Document Type : Original Article


1 Dentist, Ahvaz, Iran.

2 Dept. of Endodontics, Faculty of Dentistry, Ahvaz Jundishapur University of Medical Sciences, Dey St, Golestan Blvd, Ahvaz, Iran.


Statement of the Problem: It is stated that engine-driven instruments might cause dentinal defects during root canal preparation. These defects might spread and progress into greater fractures or vertical root fracture.
Purpose: This study aimed to compare the incidence of dentinal defects that might arise all through preparation of root canals, using One Shape, RaCe, and WaveOne systems in canals with a curvature (0-20°) and (20-40°).
Materials and Method: In this in vitro study, 150 mandibular first molars were enrolled. Based on the degree of curvature in the mesial roots, the samples were divided into two groups (n=75) of straight and moderately curved canals (0-20º), and severely curved canals (20-40°). Then each group was randomly divided into four sub-groups. In subgroups 1 to 3 from each group, canals were prepared using WaveOne, One Shape, and RaCe. Then all roots were sectioned at 3, 6 and 9-mm distances from the apex. The slices were evaluated using stereomicroscope at 12× magnification. The data were analyzed using the Chi-square and Fisher’s exact tests and the level of significance was set at 0.05.
Results: Fracture and other defects were not found in the control groups. In canals with curvature (0-20°), WaveOne caused the maximum dentinal defects and RaCe produced the least. Moreover, in canals with curvature (20-40°), One Shape caused the maximum dentinal defects while WaveOne and RaCe caused equal dentinal defects approximately.
Conclusion: There was a statistically significant relationship between the performance of RaCe and One Shape in canals with curvature (0-20º) and (20-40º), (p Value< 0.05) while no statistically significant difference was observed in connection to the performance of WaveOne (p> 0.05).


Azin Alasvand Javadi Google Scholar

Mansour Jafarzadeh Google Scholar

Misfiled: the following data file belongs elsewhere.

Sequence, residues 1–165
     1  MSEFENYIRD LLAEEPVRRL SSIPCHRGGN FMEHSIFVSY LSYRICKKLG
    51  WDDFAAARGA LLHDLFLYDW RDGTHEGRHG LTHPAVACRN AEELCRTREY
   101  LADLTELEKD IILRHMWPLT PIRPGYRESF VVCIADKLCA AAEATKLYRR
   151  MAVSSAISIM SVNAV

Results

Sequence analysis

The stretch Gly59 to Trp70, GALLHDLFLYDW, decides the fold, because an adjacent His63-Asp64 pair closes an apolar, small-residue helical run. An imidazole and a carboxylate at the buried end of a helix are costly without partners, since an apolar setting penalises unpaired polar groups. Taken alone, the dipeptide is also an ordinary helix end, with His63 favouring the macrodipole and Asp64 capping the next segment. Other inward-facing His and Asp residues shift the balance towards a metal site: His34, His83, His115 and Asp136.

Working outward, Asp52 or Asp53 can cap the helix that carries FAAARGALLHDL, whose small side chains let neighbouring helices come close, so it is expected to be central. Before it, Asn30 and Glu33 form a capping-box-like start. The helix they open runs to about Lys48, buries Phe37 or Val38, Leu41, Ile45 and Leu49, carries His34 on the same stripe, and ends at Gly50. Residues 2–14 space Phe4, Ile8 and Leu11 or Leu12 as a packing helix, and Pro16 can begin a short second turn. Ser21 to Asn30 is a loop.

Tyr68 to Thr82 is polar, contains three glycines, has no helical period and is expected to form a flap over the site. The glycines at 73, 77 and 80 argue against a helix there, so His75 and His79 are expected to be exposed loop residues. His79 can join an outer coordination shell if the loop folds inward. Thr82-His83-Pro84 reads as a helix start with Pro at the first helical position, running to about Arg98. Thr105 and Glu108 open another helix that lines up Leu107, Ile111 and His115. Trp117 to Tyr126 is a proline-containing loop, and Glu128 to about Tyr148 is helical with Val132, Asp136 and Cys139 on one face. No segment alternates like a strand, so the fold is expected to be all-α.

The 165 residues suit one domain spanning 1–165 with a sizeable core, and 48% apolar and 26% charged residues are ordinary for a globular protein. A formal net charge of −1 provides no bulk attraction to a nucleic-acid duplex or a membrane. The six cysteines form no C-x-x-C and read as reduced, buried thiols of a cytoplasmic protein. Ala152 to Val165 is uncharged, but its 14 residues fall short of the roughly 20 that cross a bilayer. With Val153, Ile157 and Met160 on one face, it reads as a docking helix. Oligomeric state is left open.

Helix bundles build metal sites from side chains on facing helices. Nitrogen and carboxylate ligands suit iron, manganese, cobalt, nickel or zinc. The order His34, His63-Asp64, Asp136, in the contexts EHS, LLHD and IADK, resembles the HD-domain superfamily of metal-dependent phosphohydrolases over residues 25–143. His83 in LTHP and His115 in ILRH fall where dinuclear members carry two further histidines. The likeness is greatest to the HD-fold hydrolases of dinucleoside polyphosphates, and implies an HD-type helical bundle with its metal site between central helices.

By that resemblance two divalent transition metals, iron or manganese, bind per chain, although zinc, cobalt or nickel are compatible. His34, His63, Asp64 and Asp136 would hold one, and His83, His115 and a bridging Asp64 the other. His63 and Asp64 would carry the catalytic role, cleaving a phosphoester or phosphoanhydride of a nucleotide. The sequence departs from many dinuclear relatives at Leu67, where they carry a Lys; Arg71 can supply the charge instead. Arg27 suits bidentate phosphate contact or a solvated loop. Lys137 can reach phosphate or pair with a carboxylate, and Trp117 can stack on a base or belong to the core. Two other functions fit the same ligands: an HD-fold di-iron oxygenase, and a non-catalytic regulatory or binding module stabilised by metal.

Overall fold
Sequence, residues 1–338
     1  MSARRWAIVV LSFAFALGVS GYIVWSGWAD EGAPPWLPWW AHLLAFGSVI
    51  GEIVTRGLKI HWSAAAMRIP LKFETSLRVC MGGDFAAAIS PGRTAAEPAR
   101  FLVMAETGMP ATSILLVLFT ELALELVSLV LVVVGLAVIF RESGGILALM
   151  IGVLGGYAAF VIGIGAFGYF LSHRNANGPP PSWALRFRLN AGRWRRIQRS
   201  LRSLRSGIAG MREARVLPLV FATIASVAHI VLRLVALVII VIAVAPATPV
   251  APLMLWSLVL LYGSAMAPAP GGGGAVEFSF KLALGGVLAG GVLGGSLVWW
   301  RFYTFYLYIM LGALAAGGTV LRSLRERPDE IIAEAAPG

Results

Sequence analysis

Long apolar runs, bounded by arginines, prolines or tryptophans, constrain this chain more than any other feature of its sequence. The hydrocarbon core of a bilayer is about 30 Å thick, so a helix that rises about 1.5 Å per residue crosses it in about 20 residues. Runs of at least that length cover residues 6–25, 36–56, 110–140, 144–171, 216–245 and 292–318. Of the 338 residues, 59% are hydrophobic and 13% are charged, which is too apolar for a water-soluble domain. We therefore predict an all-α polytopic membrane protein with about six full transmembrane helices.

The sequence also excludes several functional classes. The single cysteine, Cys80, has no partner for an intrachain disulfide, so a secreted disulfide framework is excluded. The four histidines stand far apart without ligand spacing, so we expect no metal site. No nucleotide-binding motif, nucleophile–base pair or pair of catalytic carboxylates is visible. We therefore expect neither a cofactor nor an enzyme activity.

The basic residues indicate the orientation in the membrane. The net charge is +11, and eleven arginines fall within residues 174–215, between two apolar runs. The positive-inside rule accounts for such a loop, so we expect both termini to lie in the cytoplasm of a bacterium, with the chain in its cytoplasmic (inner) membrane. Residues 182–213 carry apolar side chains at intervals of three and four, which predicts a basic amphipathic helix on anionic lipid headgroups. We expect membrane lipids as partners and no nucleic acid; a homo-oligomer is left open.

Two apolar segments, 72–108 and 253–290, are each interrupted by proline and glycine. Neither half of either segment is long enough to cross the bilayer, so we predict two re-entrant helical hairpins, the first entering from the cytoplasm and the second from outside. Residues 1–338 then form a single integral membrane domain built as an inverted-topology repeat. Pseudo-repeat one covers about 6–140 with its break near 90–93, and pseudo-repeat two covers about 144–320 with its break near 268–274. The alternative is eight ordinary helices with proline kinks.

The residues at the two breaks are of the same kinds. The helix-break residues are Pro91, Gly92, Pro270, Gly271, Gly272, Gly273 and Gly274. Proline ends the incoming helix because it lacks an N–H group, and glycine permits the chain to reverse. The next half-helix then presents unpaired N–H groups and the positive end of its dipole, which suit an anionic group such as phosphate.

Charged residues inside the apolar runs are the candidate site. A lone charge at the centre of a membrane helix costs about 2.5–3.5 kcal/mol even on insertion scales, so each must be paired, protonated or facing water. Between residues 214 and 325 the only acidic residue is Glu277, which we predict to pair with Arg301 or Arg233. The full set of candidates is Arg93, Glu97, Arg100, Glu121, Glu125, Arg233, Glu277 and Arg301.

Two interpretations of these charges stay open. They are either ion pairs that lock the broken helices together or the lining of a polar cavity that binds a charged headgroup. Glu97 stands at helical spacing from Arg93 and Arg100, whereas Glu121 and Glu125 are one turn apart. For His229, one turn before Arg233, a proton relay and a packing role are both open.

Root canal treatment includes treating vital and necrotic dental pulps; accordingly, patients are able to preserve their natural teeth in function and esthetics [ 1 ]. Even though effective root canal therapy is determined by various elements, one of the utmost significant phases in any root canal therapy is the preparation of canal [ 1 ]. This is critical since preparation defines the effectiveness of all succeeding procedures and consists of mechanical debridement, establishment of room for medicament distribution, and enhanced canal geometries for satisfactory obturation [ 1 ]. For several years, root canal preparation was done by means of stainless steel hand endodontic files [ 2 ]. Numerous engine-driven nickel-titanium (Ni-Ti) file systems were presented for the preparation of root canals. Ni-Ti instruments offer various benefits in comparison to traditional files. Augmented flexibility and reduced operational time are the chief benefits of NiTi files [ 2 ]. Although some studies have reported that stress on the wall of root canal may increase and cause dentinal defects because of the altered cutting blade outline, taper, and tip design of these systems [ 3 - 4 ]. Onnink et al. [ 5 ] were the earliest to document dentinal defects as a result of canal preparation. There has been an absence of data about the distribution and features of dentinal defects according to definite standards so far. The American Association of Endodontics (AAE) categorized longitudinal tooth fractures into five main classes including craze line, fractured cusp, cracked tooth, split tooth, and vertical root fracture (VRF) [ 6 ]. Bier et al. [ 4 ] suggested another classification consisting of three parts including ‘no defect’, ‘fracture’, and ‘other defects’. Even if dentinal defects are recognized, it is challenging to assess the prognosis since there is no precise method to identify the progression of the dentinal defects [ 7 ]. This circumstance has always offered a restorative grip for clinicians, since a dentinal defect has a doubtful prognosis and subsequent treatment including extraction [ 8 ]. The choice to treat teeth with dentinal defects would lead to a dispute with patients about the prognosis, treatment charge, and treatment period [ 7 ]. Moreover, VRF is an imperative clinical obstacle; it is the second most common detectible cause for loss of endodontically treated teeth [ 9 ]. When VRF takes place, little can be done to resolve the current situation. Therefore, it is vital to explore elements associated with dentinal defects formation that possibly would deliver useful suggestions about prevention [ 10 ]. It is noteworthy that a vast frequency of curved root canals could be perceived in clinical practice. It is indefinite at this time if engine-driven NiTi file systems produce greater dentinal defects in severely curved canals. There are various methods to measure and classify the root canals according to the degree of curvature. Based on Schneider’s method [ 11 ], if the angle is lesser than 5°, the canal is considered straight; if the angle is 5‑20°, the canal is defined as moderately curved; and if the angle is superior than 20°, the canal is categorized as a severely curved canal.